- The Abbey Restaurant Small Business Partnership
Finding the Perfect Burger, Brew at The Abbey in Providence, Rhode
The Abbey in Providence, R.I.
Story and photos, unless otherwise noted, by Eric Hurwitz. Article
created on 12/12/17.
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Burger joints have been popping up all over the place as of
late, but often served with sides of attitude, entitlement, trendiness
On the other hand, there's The Abbey in Providence, R.I., that got
burgers and the neighborhood restaurant and bar concept right the first
time. The Abbey opened in 2001, quickly gaining a legendary local
serving exactly what the customer wanted -- that is, juicy,
substantial mouthwatering burgers cooked exactly to specification and
ice cold beer at
low prices within an unpretentious, cozy neighborhood
setting. Very little has changed since then, thus sticking to the
adage, "If it ain't broke, don't fix it."
At first sight, The Abbey looks like many other local bars with its
small, plain-looking facade. Once inside, however, a
totally different story evolves with a surprisingly
spacious, family-friendly dining area, an attractive long bar, 30
burger options (many you will find no where else), an extensive comfort
foods menu and an astonishing 100
beers from around the world. Jennifer Ricci, general manager of The
Abbey, likes to keep things simple at the restaurant by displaying drink and food advertisements on
the wall, while also showcasing a thoughtfully-designed menu that makes
it easy to navigate the many choices of burgers, as well as
recommendations for the perfect beer pairings.
Dining and bar area at The Abbey.
Menu shows how to best order a burger and brew.
"We never are frozen," said Ricci, of the burgers. "We have literally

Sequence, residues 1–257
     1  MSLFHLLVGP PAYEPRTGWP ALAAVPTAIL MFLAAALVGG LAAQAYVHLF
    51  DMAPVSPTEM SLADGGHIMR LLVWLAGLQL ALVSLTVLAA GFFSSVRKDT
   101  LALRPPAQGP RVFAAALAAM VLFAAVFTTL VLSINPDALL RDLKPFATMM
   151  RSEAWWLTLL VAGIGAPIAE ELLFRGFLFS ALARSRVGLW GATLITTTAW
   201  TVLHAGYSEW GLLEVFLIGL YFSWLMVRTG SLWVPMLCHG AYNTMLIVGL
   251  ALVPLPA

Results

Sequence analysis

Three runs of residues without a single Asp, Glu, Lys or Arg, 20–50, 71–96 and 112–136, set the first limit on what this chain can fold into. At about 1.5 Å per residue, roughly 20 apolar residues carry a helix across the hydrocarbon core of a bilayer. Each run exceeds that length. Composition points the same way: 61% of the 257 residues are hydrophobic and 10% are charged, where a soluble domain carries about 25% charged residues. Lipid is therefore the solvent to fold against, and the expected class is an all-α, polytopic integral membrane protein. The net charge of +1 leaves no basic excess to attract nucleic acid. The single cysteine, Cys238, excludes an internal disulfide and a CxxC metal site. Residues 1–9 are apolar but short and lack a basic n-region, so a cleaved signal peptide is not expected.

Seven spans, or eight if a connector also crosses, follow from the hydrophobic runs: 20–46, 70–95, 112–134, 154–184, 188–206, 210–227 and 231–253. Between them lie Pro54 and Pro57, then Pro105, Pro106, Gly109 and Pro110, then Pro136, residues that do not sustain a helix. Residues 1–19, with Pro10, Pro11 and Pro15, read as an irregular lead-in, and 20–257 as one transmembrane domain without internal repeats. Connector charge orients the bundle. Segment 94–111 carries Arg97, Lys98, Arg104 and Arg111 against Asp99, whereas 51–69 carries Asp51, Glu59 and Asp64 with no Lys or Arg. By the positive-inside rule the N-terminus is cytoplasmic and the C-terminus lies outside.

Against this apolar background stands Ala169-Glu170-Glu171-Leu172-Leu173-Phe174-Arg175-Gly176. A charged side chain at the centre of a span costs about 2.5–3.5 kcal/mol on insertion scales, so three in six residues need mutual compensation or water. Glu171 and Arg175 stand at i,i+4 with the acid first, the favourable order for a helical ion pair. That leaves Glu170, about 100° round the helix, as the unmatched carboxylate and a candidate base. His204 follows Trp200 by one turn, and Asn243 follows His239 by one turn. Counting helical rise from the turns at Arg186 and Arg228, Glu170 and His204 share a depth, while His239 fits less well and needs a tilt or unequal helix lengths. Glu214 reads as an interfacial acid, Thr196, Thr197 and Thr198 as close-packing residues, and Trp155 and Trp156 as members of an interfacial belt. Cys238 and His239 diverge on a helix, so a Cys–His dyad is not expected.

tasted a 1,000 different blends and have gone to great lengths to get
the flavor done right. We have a real gas grill for the perfect
The breads for the burgers are well-bred, too (sorry for the bad
pun), brought in locally from Calise Bakery in Lincoln, R.I. The Abbey
also partners with the Wisconsin Cheese Board where third and fourth
generation cheese makers create what is regarded as some of the best
tasting cheeses in the country. The fresh, full-bodied taste of the
cheeses clearly go beyond the norm and wonderfully complement the
incredible, mouthwatering flavor of the burgers.
Even with the clearly-written sections of the menu to assist with
selections, it's hard to know what to order as virtually everything
seems like a "must-try" selection. For starters, The Lumberjack stands
as a top choice for those with big appetites. This colossal burger with
two patties comes with Wisconsin Swiss and cheddar cheeses,
pickles, yellow mustard, ketchup, mayonnaise, sliced white onions and
iceberg lettuce on three thick slices of grilled Texas toast.
The humongous Lumberjack burger from The Abbey. Photo source:
Another favorite: the Couch Potato, a 10 oz. seasoned burger with Wisconsin
bleu cheese, thick cut potato chips, BBQ pulled
pork, sauteed onions and garlic mayonnaise on a grilled sourdough bun.
One of Ricci's personal favorites is The Highwayman, a 10 oz. patty
with Wisconsin brick and cheddar cheeses, fried ham and egg, onion rings
and barbecue sauce on two halves of a grilled knot bun. Many love The
Honky Tonk with Wisconsin brick cheese, barbecue sauce, pulled pork and
fried onion rings on a grilled sesame bun. A side of perfectly-formed
sweet potato fries makes a great dish even better!
The Honky Tonk burger from the Abbey.
"The burgers are huge and cooked exactly to specification," said Ricci.
"Employees go through lots of training to get it right. Also, we don't
use a press unless requested. It's important to leave the flavor in.
All the juice is there."
Located in a solid working class section of Providence near Providence
College, The Abbey not only brings in regulars from Providence College and local
neighborhoods, but all of Rhode Island and many towns and cities in
Massachusetts -- even as far away as Boston (an hour away). For a small
restaurant, it is astounding that an average of 900 customers arrive
every week with approximately 600 burgers created in that time span.
Forty percent of those customers come in from Providence College.
Providence College alumni and faculty meet at The Abbey. Photo
credit: Jennifer Ricci.
If not in the mood for burgers, the rest of the menu